REVIEW: Jennifer Connelly Brings the Crazy, Dustin Lance Black Brings the Mess in Virginia
Dustin Lance Black spoke of his conservative Mormon upbringing when he won the 2009 Oscar for best original screenplay for Milk, and traces of that childhood are all over his most recent directorial effort Virginia, a garbled coming-of-age story and portrait of a mentally ill mother. The titular character, played by a blonde Jennifer Connelly, suffers from traumatic onset schizophrenia — she's a fey, childlike woman who lives alone with her protective teenage son Emmett (Harrison Gilbertson) and has been carrying on a decades-long affair with the town sheriff Dick Tipton (Ed Harris), a devout Mormon who's married with kids.
The beautiful, unstable Virginia grew up in foster care and has been treated badly by men all her life, and her relationship with the sheriff may be the kindest and most stable she's had, but it's also a secret (though everyone in their Virginia beach town seems to know about it). That is a problem when he decides to run for state senate and his crazy mistress becomes a potential liability — his need to break things off on top of a diagnosis of lung cancer she decides to ignore unbalances Virginia and sets a string of events in motion that lead to dramatic scene promised in the film's introduction.
The film tends to treat Virginia like a tragic heroine of a vintage melodrama, uncomfortably romanticizing her mental fragility right from that opening scene, which irises out on her being carried from a house surrounded by policemen. "It wasn't just me, everybody I know in town wants out," she intones in one of her dueling voiceovers with her son, outlining her longing to head somewhere new — to get a fresh start in San Francisco, a plan she talks about but seems unsure how to make headway on. It's one of the many themes the film raises and then lets drift away for a while — Virginia is so scattershot it feels like it's a vehicle created to loosely hold a group of ideas rather than function as anything coherent.
Take Emmett's romance with Jessie (Emma Roberts), Sheriff Tipton's daughter and the only girl who's nice to him. Jessie's forbidden to him not just due to her religious convictions and their class differences, but because she might be his half-sister — who exactly fathered Emmett remains a mystery. But a biology class lesson about detached earlobes is enough to have him convinced they're in the clear, and after that it's dropped in favor of their talking about religion, which also then fades away. Virginia sublimates the lung cancer she refuses to acknowledge into a hysterical pregnancy (after an aside that suggests Tipton couldn't impregnate her in the first place because he keeps his temple garments on when dallying with her, getting his jollies through non-nudity requiring means). He pays her off, anyway, using campaign money, until he stops with apparently little consequence.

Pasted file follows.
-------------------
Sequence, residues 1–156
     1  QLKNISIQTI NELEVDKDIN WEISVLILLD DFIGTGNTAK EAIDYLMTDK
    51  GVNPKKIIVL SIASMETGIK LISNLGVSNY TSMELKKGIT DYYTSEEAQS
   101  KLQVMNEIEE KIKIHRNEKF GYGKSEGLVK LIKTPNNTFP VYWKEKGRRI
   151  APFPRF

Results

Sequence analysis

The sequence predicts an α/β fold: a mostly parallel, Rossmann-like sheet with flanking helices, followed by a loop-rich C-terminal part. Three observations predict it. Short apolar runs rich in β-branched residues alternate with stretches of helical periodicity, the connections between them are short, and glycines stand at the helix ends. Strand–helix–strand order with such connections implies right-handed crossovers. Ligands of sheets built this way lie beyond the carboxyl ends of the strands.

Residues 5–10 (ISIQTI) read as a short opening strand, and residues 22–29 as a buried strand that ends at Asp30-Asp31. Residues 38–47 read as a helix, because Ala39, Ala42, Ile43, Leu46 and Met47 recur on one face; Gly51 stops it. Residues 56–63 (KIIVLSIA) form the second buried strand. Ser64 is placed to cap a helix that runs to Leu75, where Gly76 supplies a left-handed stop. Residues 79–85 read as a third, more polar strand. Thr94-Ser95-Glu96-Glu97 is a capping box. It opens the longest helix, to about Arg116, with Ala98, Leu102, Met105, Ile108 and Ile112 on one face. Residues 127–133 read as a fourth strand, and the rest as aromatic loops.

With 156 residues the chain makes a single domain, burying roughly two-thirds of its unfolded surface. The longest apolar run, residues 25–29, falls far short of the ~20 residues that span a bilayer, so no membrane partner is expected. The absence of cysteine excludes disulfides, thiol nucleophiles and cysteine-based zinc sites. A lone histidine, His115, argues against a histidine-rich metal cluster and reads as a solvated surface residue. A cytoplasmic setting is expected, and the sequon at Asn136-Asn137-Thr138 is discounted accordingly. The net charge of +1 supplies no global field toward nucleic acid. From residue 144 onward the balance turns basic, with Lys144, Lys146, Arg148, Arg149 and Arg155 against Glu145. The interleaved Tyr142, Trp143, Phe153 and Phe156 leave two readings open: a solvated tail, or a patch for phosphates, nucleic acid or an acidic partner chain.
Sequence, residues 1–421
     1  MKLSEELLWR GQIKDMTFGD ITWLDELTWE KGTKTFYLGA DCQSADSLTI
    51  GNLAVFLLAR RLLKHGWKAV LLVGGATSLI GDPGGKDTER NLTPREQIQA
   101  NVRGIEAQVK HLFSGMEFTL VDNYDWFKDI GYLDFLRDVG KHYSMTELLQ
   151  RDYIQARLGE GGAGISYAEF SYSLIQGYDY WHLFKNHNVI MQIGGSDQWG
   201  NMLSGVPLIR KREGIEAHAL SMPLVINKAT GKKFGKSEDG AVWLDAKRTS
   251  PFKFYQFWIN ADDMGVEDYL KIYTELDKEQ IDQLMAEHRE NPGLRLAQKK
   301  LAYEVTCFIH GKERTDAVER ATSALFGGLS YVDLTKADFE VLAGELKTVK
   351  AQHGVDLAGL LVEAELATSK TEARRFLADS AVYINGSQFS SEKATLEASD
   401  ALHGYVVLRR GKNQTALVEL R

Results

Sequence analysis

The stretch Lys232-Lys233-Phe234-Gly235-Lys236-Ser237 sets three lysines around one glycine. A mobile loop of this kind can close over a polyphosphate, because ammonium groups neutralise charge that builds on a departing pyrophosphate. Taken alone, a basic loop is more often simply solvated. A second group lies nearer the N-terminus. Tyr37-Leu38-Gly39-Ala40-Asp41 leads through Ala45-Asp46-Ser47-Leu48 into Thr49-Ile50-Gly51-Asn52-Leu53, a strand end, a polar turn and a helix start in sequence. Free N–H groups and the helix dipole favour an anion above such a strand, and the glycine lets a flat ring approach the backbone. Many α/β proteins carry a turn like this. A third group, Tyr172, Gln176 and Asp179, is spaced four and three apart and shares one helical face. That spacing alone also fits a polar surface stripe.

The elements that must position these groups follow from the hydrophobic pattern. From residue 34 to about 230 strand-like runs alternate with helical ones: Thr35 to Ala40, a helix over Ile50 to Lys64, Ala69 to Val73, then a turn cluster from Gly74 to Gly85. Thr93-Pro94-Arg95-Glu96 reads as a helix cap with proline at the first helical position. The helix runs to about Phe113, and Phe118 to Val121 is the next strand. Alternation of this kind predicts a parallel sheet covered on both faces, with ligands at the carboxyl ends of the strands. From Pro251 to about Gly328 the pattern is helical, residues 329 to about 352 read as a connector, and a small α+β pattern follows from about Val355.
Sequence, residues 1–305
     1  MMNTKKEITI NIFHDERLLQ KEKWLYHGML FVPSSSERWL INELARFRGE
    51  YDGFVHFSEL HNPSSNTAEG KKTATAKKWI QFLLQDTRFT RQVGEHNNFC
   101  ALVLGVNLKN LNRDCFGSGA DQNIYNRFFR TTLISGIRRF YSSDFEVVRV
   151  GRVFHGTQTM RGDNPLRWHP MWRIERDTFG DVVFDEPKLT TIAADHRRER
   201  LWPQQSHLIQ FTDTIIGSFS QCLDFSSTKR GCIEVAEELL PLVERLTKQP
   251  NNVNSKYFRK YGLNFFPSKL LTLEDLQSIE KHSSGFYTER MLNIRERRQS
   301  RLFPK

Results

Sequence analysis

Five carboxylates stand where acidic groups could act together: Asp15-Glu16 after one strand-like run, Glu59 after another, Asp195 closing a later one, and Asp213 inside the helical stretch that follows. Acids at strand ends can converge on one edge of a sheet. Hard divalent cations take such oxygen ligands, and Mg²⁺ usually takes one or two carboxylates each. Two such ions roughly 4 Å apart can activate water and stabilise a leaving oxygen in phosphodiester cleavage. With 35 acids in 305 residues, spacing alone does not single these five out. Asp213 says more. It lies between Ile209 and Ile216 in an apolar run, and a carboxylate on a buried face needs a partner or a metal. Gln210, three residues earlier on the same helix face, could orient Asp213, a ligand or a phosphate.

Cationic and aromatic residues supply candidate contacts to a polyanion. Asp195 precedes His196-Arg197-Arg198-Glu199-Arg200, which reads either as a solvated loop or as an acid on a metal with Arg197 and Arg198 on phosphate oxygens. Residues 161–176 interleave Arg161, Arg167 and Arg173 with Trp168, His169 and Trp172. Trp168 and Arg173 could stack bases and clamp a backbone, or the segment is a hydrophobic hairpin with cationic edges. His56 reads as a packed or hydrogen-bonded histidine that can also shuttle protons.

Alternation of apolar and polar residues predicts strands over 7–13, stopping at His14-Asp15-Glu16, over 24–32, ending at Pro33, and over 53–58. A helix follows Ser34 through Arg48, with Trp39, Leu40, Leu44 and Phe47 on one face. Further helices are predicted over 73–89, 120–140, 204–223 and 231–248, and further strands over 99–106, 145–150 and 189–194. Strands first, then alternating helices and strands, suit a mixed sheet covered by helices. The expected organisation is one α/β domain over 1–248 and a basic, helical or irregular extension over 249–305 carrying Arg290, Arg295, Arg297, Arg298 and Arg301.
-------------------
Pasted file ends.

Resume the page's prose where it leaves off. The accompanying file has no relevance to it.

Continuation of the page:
Black recut his film after a poorly received premiere at the 2010 Toronto Film Festival, where it went out under the title What's Wrong With Virginia. Having not seen the initial cut, I can't speak to its coherence, but if this represents a clarification, it must have been muddy indeed. Tonally, the film goes from lushly fanciful, with its twinkling score and shots of the waterfront amusement part at night, to campy, with Virginia stuffing clothes down her pantyhose to fake a belly bump in order to inform everyone in town she's bearing Sheriff Tipton's baby. It's unhurried enough to have the feel of a 45 that's being played at 33 1/3 rpm, drowsing without giving a sense of how much time is passing.
Tipton is a hypocrite who does some awful things as the film goes on ("This life is a grain of sand in time and it's the next life that counts — then we'll all be together," he says to Virginia when he ends things with her, a line lifted from Black's own childhood and a truly shit, sanctimonious thing to say to someone you're abandoning). The film's other glances toward Mormonism, including a visit from two young missionaries, are more kitschy, seemingly there more to make it clear that Tipton's not representative of the entire religion than for any particular purpose. Faith becomes another of the film's unemulsified ingredients.
Virginia does feature a strong performance from Connelly, who's vulnerable and appealing while still being genuinely and alarmingly unpredictable. It cuts through some of the film's milky portrayal of the character as a beautiful martyr — Virginia shows that she's smarter than many think, and that she does have some agency and awareness, tucked away in her airy house full of colored glass bottles. With its imagery of amusement park rides and idle seasonal jobs, Atlantic City weddings and thwarted small-town robberies, Virginia is like a box full of someone's long ago summer vacation keepsakes: pretty, but representative of memories and meaning no one else will be able to grasp.